Porter warns student loan borrowers their federal debt relief is taxable by the State of Indiana, announces plan to file legislation to fix discrepancy

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INDIANAPOLIS – Nearly 900,000 Hoosiers have some federal student loan debt and stand to benefit from President Biden's cancellation of student debt. Borrowers earning less than $125,000 individually and $250,000 as a household will have up to $10,000 of debt forgiven, and Pell Grant recipients with student debt will have up to $20,000 of debt forgiven. Almost 300,000 Hoosiers will have their federal student loan debt entirely eliminated. 
However, current Indiana tax law requires that residents report a discharge of student loan liabilities as income. As a result, Hoosiers with forgiven loans will see up to $20,000 added onto their income tax liability and taxed at 3.23%. Student debt forgiveness will not be taxed federally, and most other states do not require that student debt forgiveness be counted as income.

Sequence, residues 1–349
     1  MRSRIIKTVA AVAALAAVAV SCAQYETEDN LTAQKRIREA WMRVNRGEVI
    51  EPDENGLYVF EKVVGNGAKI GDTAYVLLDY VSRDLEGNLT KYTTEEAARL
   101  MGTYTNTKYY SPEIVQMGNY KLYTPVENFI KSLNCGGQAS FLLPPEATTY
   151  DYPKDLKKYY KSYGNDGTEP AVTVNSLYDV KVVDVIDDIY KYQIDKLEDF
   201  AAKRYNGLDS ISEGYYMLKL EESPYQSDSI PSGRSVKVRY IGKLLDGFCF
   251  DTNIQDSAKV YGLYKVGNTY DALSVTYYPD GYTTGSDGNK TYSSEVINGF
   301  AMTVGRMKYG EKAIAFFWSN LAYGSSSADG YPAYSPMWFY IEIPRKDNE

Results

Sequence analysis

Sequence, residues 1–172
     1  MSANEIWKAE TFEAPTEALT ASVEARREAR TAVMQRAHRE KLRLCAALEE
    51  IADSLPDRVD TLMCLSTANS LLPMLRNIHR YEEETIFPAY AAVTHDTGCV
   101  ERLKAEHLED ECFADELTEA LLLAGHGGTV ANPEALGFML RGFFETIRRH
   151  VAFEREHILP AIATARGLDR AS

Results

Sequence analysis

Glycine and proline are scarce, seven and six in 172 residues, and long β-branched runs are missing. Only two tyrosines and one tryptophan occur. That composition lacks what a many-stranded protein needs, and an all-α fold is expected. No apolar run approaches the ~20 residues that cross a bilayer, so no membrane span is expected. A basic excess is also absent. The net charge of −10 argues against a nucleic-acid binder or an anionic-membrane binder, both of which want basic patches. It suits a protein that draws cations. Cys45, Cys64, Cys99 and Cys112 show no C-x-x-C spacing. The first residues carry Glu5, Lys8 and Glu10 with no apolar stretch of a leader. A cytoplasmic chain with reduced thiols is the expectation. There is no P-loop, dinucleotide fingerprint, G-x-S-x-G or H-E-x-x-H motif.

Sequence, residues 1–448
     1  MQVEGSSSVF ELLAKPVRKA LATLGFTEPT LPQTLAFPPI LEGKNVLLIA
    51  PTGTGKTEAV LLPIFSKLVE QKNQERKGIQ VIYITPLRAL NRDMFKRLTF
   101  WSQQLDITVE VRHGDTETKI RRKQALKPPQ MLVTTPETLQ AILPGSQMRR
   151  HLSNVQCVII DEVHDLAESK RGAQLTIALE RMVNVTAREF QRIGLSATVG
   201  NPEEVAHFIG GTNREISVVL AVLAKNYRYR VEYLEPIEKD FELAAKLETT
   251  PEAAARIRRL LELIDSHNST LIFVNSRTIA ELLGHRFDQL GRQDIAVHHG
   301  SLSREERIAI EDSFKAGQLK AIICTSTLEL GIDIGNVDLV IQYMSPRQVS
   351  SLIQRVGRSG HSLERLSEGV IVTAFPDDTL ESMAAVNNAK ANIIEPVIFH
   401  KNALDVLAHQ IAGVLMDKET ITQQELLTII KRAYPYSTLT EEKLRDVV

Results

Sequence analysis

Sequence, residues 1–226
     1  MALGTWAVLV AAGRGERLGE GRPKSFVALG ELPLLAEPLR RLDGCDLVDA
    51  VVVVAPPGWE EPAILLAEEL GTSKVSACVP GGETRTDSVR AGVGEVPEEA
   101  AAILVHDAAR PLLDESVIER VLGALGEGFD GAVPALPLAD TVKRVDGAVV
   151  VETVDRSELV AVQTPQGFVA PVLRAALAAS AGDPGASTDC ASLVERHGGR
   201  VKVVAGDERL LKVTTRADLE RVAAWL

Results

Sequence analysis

Rep. Gregory W. Porter (D-Indianapolis), ranking Democrat on the House Ways and Means Committee, commented on this development and announced a plan to fix this discrepancy:
“Many student borrowers have paid back their original loan amount and then some, but interest rates have kept them from paying off their debt and allocating that money toward buying a house, saving for retirement or starting a family. The federal government and the vast majority of other states have correctly chosen not to tax student debt forgiveness. I can't say I'm surprised Indiana has chosen to take a punitive stance on a policy meant to give working-class Americans relief, but there's still time to change this.
“Because taxing student debt relief when we have a $6.1 billion and growing surplus is unfair and needlessly counterproductive, I am drafting a bill to retroactively eliminate and nullify any state individual income tax being imposed on Hoosiers who are finally in a position to receive vital student debt relief. That way, impacted individuals can avoid up to $600 in tax liability that would result from this policy choice. 
“In the meantime, however, I urge all Hoosiers with federal student loans to stay vigilant and not forget that this debt relief will currently be considered income and thus tax-liable in our state.” 

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